Keeping Our Distance in Compassion-Based Social Relations

in Journal of Moral Philosophy
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Abstract

Although responding to ‘bad luck’ through instituting appropriate redistributive principles is a proper part of what justice entails, these principles must also paradoxically include the possibility of an agent-based response to misfortune that transforms adverse contingencies, such that the initial ‘bad luck’ becomes a positive part of the ‘sufferer's’ identity. This neo-Kantian accommodation within theories of justice signifies a ‘deep’ egalitarian empathic connectedness between persons, based on an equal respect for persons as agents (and not simply as passive victims of misfortune). Moreover, it is an accommodation that (a) can promote equality as ‘an end in itself’ rather than as merely a means to the end of enhancing a teleological conception of ‘well-being’ and ‘human flourishing’ and (b) can underpin a more robust Rawlsian conception of ‘justice as reciprocity’ than is usually allowed.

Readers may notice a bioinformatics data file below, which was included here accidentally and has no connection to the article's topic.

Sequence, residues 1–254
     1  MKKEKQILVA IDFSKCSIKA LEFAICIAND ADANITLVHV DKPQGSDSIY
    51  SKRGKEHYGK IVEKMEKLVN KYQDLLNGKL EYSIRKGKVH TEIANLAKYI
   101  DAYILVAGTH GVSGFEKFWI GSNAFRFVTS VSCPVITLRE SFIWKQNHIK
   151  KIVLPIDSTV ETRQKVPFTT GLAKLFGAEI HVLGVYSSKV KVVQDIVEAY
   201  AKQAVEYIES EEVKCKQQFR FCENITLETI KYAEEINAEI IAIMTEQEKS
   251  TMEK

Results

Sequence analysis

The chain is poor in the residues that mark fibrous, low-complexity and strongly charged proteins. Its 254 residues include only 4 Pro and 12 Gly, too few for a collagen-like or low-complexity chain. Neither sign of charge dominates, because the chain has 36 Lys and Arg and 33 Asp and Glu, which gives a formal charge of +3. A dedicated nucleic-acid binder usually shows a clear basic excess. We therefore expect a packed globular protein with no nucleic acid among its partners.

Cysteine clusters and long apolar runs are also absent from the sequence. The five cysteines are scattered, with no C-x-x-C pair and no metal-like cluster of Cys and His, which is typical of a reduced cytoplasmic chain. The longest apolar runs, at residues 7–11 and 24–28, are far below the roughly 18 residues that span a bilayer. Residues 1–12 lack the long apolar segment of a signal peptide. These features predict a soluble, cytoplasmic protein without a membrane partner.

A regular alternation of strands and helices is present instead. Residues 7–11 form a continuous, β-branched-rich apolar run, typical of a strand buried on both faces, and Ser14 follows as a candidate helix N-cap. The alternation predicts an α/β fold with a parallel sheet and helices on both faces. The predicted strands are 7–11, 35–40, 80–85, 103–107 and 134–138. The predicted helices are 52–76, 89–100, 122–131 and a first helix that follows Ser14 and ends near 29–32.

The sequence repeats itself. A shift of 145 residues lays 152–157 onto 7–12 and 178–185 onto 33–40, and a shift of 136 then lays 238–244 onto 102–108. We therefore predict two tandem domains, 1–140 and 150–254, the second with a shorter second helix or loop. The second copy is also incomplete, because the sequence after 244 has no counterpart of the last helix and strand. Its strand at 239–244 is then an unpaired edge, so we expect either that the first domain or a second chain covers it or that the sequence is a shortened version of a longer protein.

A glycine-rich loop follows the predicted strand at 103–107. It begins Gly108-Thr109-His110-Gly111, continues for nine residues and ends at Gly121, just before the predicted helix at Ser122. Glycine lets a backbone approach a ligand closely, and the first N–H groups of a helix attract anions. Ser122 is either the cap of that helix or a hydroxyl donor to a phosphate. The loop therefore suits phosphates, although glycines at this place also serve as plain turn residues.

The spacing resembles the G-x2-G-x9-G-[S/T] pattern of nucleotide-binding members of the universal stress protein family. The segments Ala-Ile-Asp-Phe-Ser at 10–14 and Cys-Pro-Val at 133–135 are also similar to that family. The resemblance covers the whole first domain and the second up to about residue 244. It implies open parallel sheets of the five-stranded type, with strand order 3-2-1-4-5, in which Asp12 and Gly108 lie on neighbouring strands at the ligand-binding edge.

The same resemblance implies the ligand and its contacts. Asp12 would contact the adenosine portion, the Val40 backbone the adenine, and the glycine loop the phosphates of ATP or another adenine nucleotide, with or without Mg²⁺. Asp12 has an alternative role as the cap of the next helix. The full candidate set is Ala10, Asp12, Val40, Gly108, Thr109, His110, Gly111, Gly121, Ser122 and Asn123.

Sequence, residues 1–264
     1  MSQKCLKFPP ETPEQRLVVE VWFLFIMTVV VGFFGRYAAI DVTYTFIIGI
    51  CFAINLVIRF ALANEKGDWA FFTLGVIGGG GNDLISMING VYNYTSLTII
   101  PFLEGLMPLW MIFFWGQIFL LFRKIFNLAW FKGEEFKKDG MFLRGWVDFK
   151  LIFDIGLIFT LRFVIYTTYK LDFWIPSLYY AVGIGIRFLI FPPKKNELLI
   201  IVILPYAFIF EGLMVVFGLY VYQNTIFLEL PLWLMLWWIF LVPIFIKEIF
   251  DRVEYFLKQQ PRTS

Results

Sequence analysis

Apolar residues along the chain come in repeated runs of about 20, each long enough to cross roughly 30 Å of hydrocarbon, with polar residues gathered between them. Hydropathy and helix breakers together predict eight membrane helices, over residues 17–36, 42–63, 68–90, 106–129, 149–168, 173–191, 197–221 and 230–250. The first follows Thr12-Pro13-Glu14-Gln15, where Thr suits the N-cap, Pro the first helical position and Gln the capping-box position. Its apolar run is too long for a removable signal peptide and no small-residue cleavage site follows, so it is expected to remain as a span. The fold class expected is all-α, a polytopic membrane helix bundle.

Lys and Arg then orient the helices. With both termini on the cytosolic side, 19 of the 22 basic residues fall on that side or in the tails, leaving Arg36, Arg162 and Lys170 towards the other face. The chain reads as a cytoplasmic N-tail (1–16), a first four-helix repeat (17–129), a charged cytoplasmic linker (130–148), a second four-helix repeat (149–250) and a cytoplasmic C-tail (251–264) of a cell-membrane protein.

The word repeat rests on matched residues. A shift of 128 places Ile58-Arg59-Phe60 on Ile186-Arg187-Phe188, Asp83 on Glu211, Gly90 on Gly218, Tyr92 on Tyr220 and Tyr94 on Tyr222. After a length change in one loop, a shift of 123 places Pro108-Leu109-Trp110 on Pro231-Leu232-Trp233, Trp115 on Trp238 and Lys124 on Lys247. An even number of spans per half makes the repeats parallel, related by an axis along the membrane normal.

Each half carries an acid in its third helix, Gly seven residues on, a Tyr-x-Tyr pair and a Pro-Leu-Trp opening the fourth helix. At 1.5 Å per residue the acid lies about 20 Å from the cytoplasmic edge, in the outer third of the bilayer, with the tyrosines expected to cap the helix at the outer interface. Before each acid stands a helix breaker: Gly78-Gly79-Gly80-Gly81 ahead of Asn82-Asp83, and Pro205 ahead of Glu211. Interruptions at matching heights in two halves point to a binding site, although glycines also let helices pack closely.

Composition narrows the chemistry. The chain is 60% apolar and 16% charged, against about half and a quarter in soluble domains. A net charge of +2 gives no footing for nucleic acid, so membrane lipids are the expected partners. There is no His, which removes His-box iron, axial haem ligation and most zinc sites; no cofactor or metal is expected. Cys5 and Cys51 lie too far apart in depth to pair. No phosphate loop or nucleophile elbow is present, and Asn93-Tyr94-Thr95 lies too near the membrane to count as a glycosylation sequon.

Keeping Our Distance in Compassion-Based Social Relations

in Journal of Moral Philosophy

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